The hike itself was boring and uneventful. A five minute scene of her setting up a tent? Scene after scene of her eating oatmeal? A five minute scene where another hiker helps her shed weight from her back? And the ONLY conflict she encountered on the hike was not being able to find water for a little while and meeting some creepy hunters.
    And because the hike was so boring, what did we get? Flashbacks. ENDLESS flashbacks.
    And don’t get me started on the CGI fox.

    I am baffled that the movie is as positively reviewed as it is.

    • Midnight Luck

      It is a “thing” it seems.
      just see EAT, PRAY, LOVE to get an understanding of just how ridiculous it is what people like, or what they want out of their Heroine’s. Pampered, idiotic American’s who feel so “Put Upon” by the world.

      That book / movie pissed me off. She was getting a divorce and was lying on her hardwood floors for a minute, decided to go float around to a few different countries to “find herself”, ALL of which is payed for by the Magazines she writes for, and then the Book Deal she bags.
      Now don’t get me wrong, as writers, I know we would all love to have that kind of thing happen to us so we could jet around the world and not have to worry about money.
      But the book and movie make it out like you are supposed to feel so deeply and sorry for her and her “tragedy” she was going through that she couldn’t deal with. All I could think was: “what a pampered, complaining, selfish person”, “imagine all the people in the Real World and their troubles like War, Poverty, struggling to find Food, Shelter, Healthcare, etc”.
      She was such a terrible, selfish person, who managed to get half the universe to buy into her crappy, soporific story. (mind you someone lent me the book, and told me I HAD to read it, and I HATED it. I also saw part of the Julia Roberts movie, but not on my dime, as the book showed me what I was in for, and I wasn’t ever going to pay for that. VOTE with your DOLLAR, I always say)

      • filmklassik

        Love your posts. Like most of the people I admire who write about film/literature/media-in-general, I don’t always agree with your picks n’ pans, but I love your insight and the way you express yourself.

        You, Carson and some dude on here named brenkilco — and a few others too — are what makes sites like this one so useful.

      • peisley

        The movie was so painful it must have set the women’s movement back a few years.

  • http://apairoftools.wordpress.com/ Sebastian Cornet

    Great, now I’m reminded Wish I was Here exists. Thanks for nothing, Carson!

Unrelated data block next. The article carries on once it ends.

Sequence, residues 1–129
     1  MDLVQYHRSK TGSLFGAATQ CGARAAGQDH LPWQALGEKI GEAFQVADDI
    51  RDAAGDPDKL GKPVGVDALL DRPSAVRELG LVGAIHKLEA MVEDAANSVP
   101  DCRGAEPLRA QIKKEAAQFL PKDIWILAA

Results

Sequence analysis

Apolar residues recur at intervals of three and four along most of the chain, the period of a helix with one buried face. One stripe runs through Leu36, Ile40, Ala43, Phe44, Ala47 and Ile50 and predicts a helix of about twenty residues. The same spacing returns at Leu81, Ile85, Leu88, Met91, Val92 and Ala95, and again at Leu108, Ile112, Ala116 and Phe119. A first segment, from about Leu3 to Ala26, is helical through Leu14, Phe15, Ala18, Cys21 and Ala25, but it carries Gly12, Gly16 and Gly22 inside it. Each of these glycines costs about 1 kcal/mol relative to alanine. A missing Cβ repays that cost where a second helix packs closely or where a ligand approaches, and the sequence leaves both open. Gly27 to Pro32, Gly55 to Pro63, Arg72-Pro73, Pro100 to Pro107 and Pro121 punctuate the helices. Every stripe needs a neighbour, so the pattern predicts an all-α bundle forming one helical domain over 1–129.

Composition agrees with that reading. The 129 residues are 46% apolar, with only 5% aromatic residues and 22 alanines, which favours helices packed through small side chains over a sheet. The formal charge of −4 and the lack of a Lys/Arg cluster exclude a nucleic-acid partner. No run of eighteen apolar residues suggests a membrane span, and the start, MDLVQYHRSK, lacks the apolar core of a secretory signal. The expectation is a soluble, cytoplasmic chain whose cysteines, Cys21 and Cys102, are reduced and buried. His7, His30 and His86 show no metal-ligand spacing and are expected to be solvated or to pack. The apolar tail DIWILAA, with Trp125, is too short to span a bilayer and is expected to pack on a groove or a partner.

On the bright side, the Spider-Man one made me seek out some Emma Stone clips. Thanks, Carson!

  • Tsubasa-Eleven

    The Rover – I have the feeling that you didn’t finish to watch the movie, there was something very important for him in this car!
    For me, that movie was a bit to slow paced and confusing, I would give it 6.5/10, but it is NOT about getting his car back, the car is not important, it’s what in the car.

    • http://apairoftools.wordpress.com/ Sebastian Cornet

      But do we know or have an idea right from the start what’s in the car that is so important? Otherwise, it looks like the car is the ultimate goal.

  • Philatelist

    My biggest disappointment at the movies this year: Foxcatcher.

    The first 2/3 are as masterful and atmospheric as any film I’ve ever seen. The last third, though, is so matter-of-fact and seemingly directionless in its execution that it almost invalidates what came before it. All that suspense for no discernible pay-off.

    I loved Bennett Miller’s work going into the film, having directed a brilliant true crime drama and sports movie. My hopes were probably too high before watching his true crime sports movie.

    • Sullivan

      Everyone is raving about Steve Carell’s performance. Honestly, to me, most of the acting was done by the nose.

    • fragglewriter

      Yes, this movie was such as disappointment. The first 1/4 of this movie started off as promosing, then after Mark Ruffalo arrived at the house, it just went to crap. The story was just disconected and the acting was horrible, except for Mark. And the endinging, it just didn’t make any sense. I understand that it’s based on a true story, but it seems that the reasons why some of the actions happend where omitted or the writer guessed at it. I could of also been edited out and replaced. I really don’t know.

    • Midnight Luck